Fannie shares rallied on the news, despite reporting dismal fourth-quarter and full-year results earlier in the day. The stock, which dipped more than 6% following the earnings report and jumped more than 18% following the OFHEO news, more recently was trading up 3% to $27.79.

The Expanding Menu of Horrors
Over the last 20 years, municipal issuers and other investors have utilized auction rate securities (ARS) to meet their financing needs. During that period of time, seldom have these auction rate securities met with insufficient demand. That is, until the last few weeks when concerns about monoline insurer solvency have caused the market to place a huge premium on liquidity, in turn, causing many of the bidders at these auctions to pull out. The result: thousands of auctions have failed, or been priced at huge 20% reset type premiums.

Since late January, the ‘cap’ rates for a wide variety of ARS paper have expanded from 4% to as high as 20%, with most notes now at least 15%. The reason, with the monolines under a serious threat of being downgraded, a number of the large brokers who in the past offered a liquidity backstop, have now simply stopped bidding. Under the terms of the arrangements, the auction arrangers are not obligated to repurchase the securities much to the horror of investors who thought these securities were absolutely liquid instruments.

Chalk this up as one more instance of the unwinding of derivatives markets which, week in and week out, has continued unabated in 2008. In fact, last week, according to, UBS concluded that “mathematical models that traders use to calculate prices in the 2 trillion dollar market for collateralized debt obligations simply don’t work anymore.

In its commentary, UBS admitted that integral ‘correlation’ models which represent the odds of one default potentially infecting another, and the very fabric of pricing for many of these derivative securities, now show a nearly 100% chance of contagion. As a result, any number of quant funds are already in deep trouble in 2008, some down as much as 15 to 20%.

Across Wall Street and the Financial community, hedge funds are starting to crumble like DB Zwirn & Co., where investors have pulled out 2 billion in the last few weeks, and which on Thursday night sent out a letter to investors outlining plans to liquidate remaining assets, 60% of which were not easily tradable. Of concern here is not the fate of one particular fund, but the downside risk to all markets should the hedge fund industry begin to delever.

In our view, aside from the bursting of the bond market bubble, 2008 has an excellent chance of witnessing the bursting of the hedge fund bubble, which in the last decade has seen the industry grown from a small sub-section of speculative capital to perhaps THE dominant force in global finance.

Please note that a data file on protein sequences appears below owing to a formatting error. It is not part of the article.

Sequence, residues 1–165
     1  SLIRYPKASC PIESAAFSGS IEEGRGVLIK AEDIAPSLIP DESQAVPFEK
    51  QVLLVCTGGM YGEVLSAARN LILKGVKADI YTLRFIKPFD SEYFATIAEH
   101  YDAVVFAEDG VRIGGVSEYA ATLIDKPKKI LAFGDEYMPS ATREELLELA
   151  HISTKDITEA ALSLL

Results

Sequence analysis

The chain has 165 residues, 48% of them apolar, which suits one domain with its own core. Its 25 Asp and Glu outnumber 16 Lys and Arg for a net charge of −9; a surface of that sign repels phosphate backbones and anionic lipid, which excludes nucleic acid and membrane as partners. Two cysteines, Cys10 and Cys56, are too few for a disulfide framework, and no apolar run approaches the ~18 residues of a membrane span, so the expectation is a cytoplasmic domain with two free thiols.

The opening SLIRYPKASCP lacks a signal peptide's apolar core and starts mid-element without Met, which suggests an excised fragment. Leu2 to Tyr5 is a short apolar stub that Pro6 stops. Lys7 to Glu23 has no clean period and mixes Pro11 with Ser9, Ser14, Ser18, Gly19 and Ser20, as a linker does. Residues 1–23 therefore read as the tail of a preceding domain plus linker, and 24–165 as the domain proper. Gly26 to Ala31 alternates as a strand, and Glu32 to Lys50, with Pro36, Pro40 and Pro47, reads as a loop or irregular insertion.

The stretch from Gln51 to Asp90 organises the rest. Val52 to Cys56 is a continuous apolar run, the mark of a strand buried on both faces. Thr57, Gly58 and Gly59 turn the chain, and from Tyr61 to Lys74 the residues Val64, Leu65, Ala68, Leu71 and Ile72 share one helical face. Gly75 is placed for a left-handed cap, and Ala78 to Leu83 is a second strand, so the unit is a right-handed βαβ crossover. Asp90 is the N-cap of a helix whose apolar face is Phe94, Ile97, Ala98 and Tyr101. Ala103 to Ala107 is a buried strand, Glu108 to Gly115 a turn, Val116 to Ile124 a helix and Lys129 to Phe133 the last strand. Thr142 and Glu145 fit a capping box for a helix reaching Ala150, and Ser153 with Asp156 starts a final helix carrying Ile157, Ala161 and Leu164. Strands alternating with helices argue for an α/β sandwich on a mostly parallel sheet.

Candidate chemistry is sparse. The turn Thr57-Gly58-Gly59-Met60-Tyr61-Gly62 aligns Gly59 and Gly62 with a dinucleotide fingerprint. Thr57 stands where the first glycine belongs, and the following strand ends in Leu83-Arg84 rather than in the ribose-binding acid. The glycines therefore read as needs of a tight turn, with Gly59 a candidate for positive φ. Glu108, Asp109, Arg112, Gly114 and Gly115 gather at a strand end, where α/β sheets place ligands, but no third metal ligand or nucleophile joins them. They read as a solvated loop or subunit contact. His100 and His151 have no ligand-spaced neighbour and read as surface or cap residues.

Judge’s landmark ruling could slow foreclosures
A Suffolk Superior Court judge has issued a potential landmark order slowing down thousands of Massachusetts foreclosures and declaring whole classes of subprime mortgages “structurally unfair” under state law.

“It is both imprudent and unfair to approve mortgage loans that the borrowers cannot reasonably be expected to repay if housing prices were to fall,” Judge Ralph Gants wrote in a preliminary injunction against notorious subprime mortgage lender Fremont Investment and Loan. “Just because we as a society failed earlier to recognize that (many subprime loans) were generally unfair does not mean that we should ignore their tragic consequences and fail now to recognize that unfairness.”

Issuing a ruling in a lawsuit brought by Attorney General Martha Coakley, Gants ordered Fremont to work with state officials for up to 90 days to resolve late-mortgage cases before initiating foreclosure proceedings. If the two sides fail to settle, Fremont can then foreclose on a home, but must prove it took “reasonable steps” to avoid doing so. The ruling potentially covers some 3,000 Massachusetts mortgages issued or serviced by Fremont, one of the nation’s largest subprime lenders.

Greenspan tells Gulf to drop dollar
Alan Greenspan, the former chairman of the US central bank, or Fed, has said that inflation rates in Gulf states, which are reaching near record levels, would fall "significantly" if oil producers dropped their US dollar pegs.

Speaking at an investment conference on Monday in Jedda, Saudi Arabia, he said the pegs restrict the region's ability to control inflation by forcing them to duplicate US monetary policy at a time when the Fed is cutting rates to ward off an economic downturn.

Debate is rife in the Gulf on how to tackle inflation. Levels have hit seven per cent in Saudi Arabia, the highest in 27 years and a 19-year peak of 9.3 per cent in the United Arab Emirates in 2006. "In the short term free floating ... will not fully dissipate inflationary pressure, although it would significantly do so," Greenspan said.

Saudi and UAE central bank chiefs are in favour of retaining dollar pegs, but Sheikh Hamad bin Jassim bin Jabr al-Thani, the prime minister of Qatar, is pushing for regional currency reform to avert possible unilateral revaluations designed to curb inflation. According to Hamad Saud al-Sayyari, governor of the Saudi central bank, floating the Saudi riyal would not be appropriate for an economy that relies on oil exports.

"Floating is beneficial when the economy and exports are diverse ... as for the kingdom it remains reliant on the export of a single commodity," he said. The dollar peg was also defended by Sultan Nasser al-Suweidi, the UAE central bank governor, at a conference in Abu Dhabi on Monday.He said the policy was helping Gulf states attract foreign investments. "They did very well for our economies because it has led to more capital flows," al-Suweidi said.